After scoring a game-high 24 points, leading the charge for GW all night and positioning himself as the 25th highest scorer in program history (1,278 points) graduate student Tyler Cavanaugh picked up his fifth foul and walked off the court for the final time in a Colonials’ jersey with 1:27 remaining.
The 6-foot-9-inch forward’s 8-for-9 effort from the field was not enough, as men’s basketball (20-15) fell to University of Illinois-Chicago 80–71 Monday night.
GW trailed by as many as 17 points midway through the second half, but battled back to trail by only one basket with less than two minutes remaining.
UIC freshman guard Godwin Boahen swished a shot from behind the arc to extend the Flames lead and crush the Colonials momentum. UIC (17-18) knocked down its free throws to close out the contest and advance to the semifinal round of the College Basketball Invitational tournament.
“I knew we were going to be able to bring it back, we’ve done that all year,” interim head coach Maurice Joseph said. “Credit to [Boahen]. He made a huge shot.”
The loss concludes the season for the Colonials and the collegiate careers of Cavanaugh and redshirt senior Matt Hart, who played their final seasons in Joseph’s first year at the helm .
“Both of those guys have been unbelievable in their work ethic and their leadership and they have allowed me to coach them,” Joseph said. “I am thankful to them on how they have handled this year and how they have been rock solid for our team.”
GW was without redshirt junior Jaren Sina – who was not at the game for family reasons – for the first time all year and missed his production. Freshman guard Jair Bolden did not pick up the slack, going 0-for-8 from the field and missing two free throws late in the game.
Although rebounding had been a strength for the Colonials for the majority of the year, they struggled on the glass all night, finishing with 14 fewer rebounds than UIC and five fewer offensive boards.
The Flames shot 47 percent from the field and led for more than 38 minutes during the game. GW’s defense could not find the answer, allowing five different UIC players to score in double-digits.
“We tried to mix it up and play some zone, we tried to mix it up and switch things but they exploited our mismatches,” Joseph said. “We could never really get into a groove defensively.”
The first half was characterized by several offensive runs.
UIC started the game on a strong note, sinking a three-pointer and going on a 7-0 run to open the contest before the Colonials were able to respond.
After GW fought back, the Flames defense showed its strength and went on another 7-0 run, taking a 15–7 lead with just over 13 minutes to go in the first half.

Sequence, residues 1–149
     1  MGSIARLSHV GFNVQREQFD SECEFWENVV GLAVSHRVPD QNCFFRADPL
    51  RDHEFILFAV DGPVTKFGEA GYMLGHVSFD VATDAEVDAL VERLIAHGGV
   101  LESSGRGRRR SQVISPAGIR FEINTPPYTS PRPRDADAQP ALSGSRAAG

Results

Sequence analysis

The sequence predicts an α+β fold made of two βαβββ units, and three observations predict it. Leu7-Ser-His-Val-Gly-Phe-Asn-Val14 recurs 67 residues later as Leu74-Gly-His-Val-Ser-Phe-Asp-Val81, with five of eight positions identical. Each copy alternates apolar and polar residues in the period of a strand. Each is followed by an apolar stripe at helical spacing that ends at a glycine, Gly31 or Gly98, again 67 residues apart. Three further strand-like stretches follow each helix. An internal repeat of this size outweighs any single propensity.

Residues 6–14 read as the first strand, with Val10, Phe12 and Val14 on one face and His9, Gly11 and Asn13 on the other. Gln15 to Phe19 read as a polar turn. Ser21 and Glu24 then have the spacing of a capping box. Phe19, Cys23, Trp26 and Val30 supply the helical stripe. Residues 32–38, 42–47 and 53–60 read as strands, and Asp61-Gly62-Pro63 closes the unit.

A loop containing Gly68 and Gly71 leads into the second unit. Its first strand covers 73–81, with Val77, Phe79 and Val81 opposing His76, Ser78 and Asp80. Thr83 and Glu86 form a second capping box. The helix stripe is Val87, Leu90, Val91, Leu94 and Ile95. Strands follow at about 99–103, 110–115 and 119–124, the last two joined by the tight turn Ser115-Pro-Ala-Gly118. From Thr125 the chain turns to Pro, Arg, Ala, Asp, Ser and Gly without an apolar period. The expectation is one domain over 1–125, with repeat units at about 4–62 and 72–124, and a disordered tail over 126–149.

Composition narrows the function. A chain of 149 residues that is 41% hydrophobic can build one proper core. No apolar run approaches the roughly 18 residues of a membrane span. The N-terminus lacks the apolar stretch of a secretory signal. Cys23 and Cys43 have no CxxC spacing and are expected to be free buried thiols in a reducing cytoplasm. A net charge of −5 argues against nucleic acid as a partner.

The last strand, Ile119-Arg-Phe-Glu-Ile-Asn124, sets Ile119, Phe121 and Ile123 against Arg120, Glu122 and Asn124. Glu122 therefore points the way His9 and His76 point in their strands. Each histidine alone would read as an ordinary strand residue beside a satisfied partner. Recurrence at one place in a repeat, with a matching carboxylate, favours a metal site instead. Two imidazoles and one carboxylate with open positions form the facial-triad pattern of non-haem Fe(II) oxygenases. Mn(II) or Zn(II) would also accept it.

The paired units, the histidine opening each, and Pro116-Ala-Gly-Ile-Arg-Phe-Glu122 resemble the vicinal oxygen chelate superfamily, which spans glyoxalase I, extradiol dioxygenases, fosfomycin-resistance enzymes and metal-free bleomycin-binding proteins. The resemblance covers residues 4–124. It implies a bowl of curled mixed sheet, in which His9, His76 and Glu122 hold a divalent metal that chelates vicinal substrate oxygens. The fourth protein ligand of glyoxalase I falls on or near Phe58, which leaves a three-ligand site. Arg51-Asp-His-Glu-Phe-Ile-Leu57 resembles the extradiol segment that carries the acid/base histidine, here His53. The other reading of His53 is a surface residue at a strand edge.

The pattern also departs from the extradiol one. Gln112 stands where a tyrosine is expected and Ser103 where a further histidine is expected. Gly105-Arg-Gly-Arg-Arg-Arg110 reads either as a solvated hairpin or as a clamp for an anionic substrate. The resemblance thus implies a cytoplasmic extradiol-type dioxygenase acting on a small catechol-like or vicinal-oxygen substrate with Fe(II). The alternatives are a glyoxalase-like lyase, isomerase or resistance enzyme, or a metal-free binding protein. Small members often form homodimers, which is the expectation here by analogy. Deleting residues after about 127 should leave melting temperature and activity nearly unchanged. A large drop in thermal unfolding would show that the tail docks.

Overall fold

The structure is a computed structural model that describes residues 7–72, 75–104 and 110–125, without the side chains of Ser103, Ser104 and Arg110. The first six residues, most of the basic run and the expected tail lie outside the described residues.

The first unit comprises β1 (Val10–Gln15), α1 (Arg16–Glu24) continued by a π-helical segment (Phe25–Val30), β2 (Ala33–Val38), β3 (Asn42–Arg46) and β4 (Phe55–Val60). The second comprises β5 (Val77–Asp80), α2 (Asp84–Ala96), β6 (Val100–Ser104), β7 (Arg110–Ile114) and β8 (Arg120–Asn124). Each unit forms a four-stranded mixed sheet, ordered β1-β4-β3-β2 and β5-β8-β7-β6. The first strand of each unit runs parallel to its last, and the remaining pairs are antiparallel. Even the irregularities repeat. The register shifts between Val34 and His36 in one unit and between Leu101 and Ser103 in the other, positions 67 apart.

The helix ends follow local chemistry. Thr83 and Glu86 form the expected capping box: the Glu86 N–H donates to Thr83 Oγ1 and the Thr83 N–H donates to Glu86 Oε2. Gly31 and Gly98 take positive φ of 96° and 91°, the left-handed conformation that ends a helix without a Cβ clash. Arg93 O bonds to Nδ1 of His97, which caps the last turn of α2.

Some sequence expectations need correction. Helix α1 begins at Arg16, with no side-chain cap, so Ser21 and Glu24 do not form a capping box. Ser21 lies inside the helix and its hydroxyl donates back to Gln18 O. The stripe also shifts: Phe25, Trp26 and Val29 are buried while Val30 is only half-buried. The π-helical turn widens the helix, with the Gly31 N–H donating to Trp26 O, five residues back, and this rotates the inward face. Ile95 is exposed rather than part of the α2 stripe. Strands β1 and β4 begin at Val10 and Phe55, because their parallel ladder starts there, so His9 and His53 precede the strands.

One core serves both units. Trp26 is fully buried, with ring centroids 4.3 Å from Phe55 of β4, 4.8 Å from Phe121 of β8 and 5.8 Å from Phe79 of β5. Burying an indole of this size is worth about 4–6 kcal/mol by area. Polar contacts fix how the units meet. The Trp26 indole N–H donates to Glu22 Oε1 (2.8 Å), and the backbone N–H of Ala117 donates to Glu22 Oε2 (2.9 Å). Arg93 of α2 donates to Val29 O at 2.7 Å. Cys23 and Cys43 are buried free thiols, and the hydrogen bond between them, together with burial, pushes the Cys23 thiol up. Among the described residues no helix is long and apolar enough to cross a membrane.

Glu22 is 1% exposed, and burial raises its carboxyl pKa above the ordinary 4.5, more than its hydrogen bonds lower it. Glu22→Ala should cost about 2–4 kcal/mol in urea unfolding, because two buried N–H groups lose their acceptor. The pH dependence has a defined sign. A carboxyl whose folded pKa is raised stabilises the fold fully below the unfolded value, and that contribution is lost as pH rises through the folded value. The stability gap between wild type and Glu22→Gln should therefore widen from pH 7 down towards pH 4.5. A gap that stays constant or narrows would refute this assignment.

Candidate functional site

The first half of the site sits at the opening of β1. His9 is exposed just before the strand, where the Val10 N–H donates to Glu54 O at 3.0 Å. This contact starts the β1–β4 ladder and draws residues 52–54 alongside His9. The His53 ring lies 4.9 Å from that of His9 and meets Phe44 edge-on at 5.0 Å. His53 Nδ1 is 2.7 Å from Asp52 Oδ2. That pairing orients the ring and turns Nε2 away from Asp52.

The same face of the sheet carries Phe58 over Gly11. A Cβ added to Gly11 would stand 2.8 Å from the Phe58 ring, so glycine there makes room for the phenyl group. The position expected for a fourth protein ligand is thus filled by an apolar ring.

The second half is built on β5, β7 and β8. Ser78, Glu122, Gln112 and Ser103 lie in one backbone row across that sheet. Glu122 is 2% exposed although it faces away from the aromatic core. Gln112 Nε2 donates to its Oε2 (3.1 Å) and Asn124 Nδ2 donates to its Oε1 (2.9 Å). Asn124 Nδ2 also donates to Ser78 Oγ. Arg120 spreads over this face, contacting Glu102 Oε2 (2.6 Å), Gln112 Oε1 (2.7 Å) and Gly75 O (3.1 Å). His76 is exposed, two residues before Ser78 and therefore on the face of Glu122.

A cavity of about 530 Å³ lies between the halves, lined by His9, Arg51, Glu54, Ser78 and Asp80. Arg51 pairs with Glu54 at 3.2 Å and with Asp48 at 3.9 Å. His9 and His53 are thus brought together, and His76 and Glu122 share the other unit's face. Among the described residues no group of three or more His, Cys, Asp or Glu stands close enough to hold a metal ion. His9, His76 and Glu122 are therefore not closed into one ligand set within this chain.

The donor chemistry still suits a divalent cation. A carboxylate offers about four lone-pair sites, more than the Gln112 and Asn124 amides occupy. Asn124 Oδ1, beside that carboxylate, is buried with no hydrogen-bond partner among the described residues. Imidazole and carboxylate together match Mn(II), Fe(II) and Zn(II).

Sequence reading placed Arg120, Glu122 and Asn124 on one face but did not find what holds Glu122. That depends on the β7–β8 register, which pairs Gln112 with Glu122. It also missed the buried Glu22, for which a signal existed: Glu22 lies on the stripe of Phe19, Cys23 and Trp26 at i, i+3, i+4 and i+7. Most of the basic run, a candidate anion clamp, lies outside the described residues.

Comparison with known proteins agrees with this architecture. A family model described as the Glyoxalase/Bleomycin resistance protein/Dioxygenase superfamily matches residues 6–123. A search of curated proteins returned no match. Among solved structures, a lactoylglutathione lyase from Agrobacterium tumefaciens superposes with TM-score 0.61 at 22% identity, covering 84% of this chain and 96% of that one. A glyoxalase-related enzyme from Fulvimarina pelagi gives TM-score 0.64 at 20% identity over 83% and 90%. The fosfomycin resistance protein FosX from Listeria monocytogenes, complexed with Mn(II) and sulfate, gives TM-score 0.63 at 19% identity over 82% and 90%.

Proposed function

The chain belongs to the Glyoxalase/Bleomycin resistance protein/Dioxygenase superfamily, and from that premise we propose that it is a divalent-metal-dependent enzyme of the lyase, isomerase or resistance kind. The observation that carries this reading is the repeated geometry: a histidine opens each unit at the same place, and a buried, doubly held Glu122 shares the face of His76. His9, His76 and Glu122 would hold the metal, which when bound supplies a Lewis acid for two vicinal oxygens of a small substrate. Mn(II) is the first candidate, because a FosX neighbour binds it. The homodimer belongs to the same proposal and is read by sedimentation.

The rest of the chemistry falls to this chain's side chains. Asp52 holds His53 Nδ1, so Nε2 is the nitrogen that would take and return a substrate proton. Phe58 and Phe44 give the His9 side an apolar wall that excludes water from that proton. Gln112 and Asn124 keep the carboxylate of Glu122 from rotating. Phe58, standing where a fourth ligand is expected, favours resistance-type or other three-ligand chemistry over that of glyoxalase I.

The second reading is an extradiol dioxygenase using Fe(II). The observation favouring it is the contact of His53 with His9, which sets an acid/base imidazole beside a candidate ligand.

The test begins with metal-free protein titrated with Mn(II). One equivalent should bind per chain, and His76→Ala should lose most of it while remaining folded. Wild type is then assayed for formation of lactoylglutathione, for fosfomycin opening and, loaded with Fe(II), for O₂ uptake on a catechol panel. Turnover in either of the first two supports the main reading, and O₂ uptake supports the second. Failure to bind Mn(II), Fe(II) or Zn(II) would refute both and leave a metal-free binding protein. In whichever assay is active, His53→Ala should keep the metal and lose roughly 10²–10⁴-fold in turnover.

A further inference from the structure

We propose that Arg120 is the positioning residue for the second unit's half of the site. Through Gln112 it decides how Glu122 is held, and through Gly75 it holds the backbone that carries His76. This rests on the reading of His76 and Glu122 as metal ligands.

The Colonials finally found their rhythm during the next three minutes. They made 5-of-6 shots over the stretch including two three-pointers from freshmen big men Collin Smith and Arnaldo Toro. GW’s 13-2 run gave them a 20–17 lead, the team’s largest of the night.
However, the Flames then caught on fire, exploding for an 18-0 run that gave them a 35–20 advantage and lots of momentum in the dwindling minutes of the opening frame.
Junior guard Yuta Watanabe (21p) found his scoring touch and, along with a buzzer-beating three from Cavanaugh, brought GW within 10 points at the halftime break, 42–32.
The Colonials shortened the margin to a two-point game early in the second half after a three-pointer from Hart, but the Flames’ response came almost immediately.
UIC went on a 10-2 run as the two teams hovered around a 10-point margin for a large part of the half. The Colonials defense was unable to stop the home team from scoring at will in the paint. UIC scored 12 more points in the paint during the matchup.
“This time of year you have to be able to execute, hit shots and defend,” Joseph said. “You have to be able to string together stops. We just didn’t do that.”
After the Flames took a 17-point lead, Watanabe and Cavanaugh went back to work. The duo gave GW offensive momentum as the team went 7-for-8 from the field and brought the game to a 67–65 UIC advantage, but could not come away with a winning decision.
The Colonials are set to return 11 players to its 2017-2018 squad that clinched the program’s fourth consecutive 20-win season and won seven of its last nine games.
“For a group that was so young to start, so inexperienced…who hadn’t played here before, we really developed an identity of grit and toughness,” Joseph said. “I’m very proud of that.”